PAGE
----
Hitch-Mountable: ‘Rooftop’ Tents, Down To Earth

Coming soon, the Hitch n’ Pitch moves the rooftop tent off the roof and onto a trailer hitch.

Hitch 'n Pitch rooftop tent mount

Rooftop tents are a burgeoning trend in camping. But they come with a downside — they’re stuck to your vehicle’s roof. If you want to drive away from a campsite, your tent needs to get folded up and come with.

Enter the Hitch n’ Pitch. A new concept, the stand mounts a soft-side rooftop tent to the back of a vehicle via a trailer receiver. When driving, the tent folds up and sits low-profile like a hitch-mounted bike rack.

Tent deployed (connected to hitch mount)
Tent deployed (connected to hitch mount)

To camp, fold the tent down and extend the Hitch n’ Pitch legs. These support the tent a few inches off the ground. Then, use the rooftop tent as normal, except closer to the ground.

Want to use your car during the day? Simply un-hitch the tent and drive away. It’ll stay free standing on the platform.

Folded up: Your 'rooftop' tent is low-profile on the rear of the vehicle
Folded up: A ‘rooftop’ tent is low-profile on the rear of the vehicle

Another advantage: The system brings the tent much closer to the ground. This is a bonus for those with tall vehicles who don’t love climbing the sometimes-slippery ladder half-asleep in the dark.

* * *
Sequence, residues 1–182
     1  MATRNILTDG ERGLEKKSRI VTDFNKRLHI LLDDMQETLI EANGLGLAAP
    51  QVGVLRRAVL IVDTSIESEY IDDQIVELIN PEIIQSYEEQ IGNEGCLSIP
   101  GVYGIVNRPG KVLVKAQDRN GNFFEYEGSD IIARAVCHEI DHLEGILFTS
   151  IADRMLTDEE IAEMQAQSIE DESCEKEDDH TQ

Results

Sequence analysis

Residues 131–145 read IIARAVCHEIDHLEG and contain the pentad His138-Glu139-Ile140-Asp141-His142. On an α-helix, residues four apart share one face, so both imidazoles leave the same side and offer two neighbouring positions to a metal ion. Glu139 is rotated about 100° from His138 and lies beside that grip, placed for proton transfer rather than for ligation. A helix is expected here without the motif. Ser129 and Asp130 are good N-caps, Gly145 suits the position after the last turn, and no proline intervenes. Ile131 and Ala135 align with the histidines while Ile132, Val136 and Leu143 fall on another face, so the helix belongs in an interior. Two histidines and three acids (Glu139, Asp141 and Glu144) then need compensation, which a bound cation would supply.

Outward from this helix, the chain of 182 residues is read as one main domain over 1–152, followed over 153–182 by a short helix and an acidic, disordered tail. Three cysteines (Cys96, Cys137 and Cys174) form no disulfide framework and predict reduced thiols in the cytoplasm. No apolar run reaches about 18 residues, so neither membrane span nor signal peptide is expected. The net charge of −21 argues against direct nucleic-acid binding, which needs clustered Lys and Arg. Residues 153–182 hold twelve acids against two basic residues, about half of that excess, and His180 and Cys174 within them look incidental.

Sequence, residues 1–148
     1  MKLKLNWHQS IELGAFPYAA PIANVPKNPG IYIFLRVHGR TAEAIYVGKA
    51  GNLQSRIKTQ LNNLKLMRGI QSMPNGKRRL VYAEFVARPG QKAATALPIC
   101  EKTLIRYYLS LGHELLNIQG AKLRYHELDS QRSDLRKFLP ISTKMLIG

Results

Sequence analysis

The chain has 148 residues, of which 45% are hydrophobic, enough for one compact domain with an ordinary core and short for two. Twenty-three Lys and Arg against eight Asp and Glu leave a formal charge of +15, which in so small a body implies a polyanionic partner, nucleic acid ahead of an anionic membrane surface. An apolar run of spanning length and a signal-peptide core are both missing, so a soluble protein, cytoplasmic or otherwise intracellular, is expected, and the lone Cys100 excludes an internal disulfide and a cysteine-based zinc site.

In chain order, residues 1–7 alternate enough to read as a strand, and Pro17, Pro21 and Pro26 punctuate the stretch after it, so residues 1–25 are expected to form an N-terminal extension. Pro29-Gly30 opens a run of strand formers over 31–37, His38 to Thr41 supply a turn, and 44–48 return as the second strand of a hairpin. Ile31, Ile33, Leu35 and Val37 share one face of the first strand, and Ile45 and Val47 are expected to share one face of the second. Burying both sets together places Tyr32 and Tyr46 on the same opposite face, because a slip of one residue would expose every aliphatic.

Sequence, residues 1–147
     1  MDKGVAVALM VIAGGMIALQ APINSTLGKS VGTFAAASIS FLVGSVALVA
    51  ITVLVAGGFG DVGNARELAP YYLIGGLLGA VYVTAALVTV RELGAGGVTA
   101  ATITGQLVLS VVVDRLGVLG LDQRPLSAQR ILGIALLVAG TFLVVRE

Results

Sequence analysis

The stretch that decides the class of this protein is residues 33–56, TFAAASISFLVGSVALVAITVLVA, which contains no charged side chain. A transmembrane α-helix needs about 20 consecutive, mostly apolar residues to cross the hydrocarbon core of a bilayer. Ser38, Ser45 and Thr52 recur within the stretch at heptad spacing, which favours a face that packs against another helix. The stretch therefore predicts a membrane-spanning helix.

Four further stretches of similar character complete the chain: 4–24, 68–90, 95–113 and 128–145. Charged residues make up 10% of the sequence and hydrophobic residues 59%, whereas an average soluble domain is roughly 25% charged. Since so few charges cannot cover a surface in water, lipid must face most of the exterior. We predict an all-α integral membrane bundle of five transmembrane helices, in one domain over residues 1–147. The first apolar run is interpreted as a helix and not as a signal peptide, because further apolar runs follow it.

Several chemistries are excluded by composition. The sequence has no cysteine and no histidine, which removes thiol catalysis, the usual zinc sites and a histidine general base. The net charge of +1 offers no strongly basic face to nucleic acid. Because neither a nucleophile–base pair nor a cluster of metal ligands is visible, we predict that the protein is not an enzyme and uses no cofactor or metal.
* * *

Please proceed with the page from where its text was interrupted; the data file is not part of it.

Rooftop Tent Advantages?

Why not just pitch a normal tent? Well, rooftop tents are not the same.

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Weighing in at more than 100 pounds, rooftop tents have built-in memory foam mattresses. They have a hard floor that is flat and free from rocks and pinecones.

Their walls are canvas or heavy nylon, much more burly than your typical camp tent.

Rooftop tent camping
The author drove this rig from Colorado to Alaska and back, spending months in the rooftop tent

I’ve used them a ton, and they’re comfy. They make car camping more restful, especially when on the road for extended trips. But then again, they have their disadvantages, and some of them might be fixed by this design.

We’ve not tested the Hitch ‘n Pitch yet and are not sure how it will affect vehicle handling. You’ll be mounting well over 100 pounds on the trailer hitch, which is bound to have some effects.

But this is an interesting concept and could add versatility to this type of tent.

The Hitch n’ Pitch isn’t on the market yet. Pricing also isn’t set, but according to the brand, “we expect that costs to initial buyers will be approximately the same as a quality rooftop tent.” That means in the $1,000 range, a significant investment that puts this (especially when coupled with a pricy rooftop tent) out of reach of many campers.

Anyone interested can sign up at the brand’s website for updates on availability and pricing.

tagged: #rooftop

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Managing Editor Sean McCoy is a life-long outdoorsman who grew up hunting and fishing central Wisconsin forests and lakes. He joined GearJunkie after a 10-year stint as a newspaperman in the Caribbean, where he learned sailing and wooden-boat repair. Based in Denver, McCoy is an avid trail runner, camper, hunter, angler, mountain biker, skier, and beer tester.

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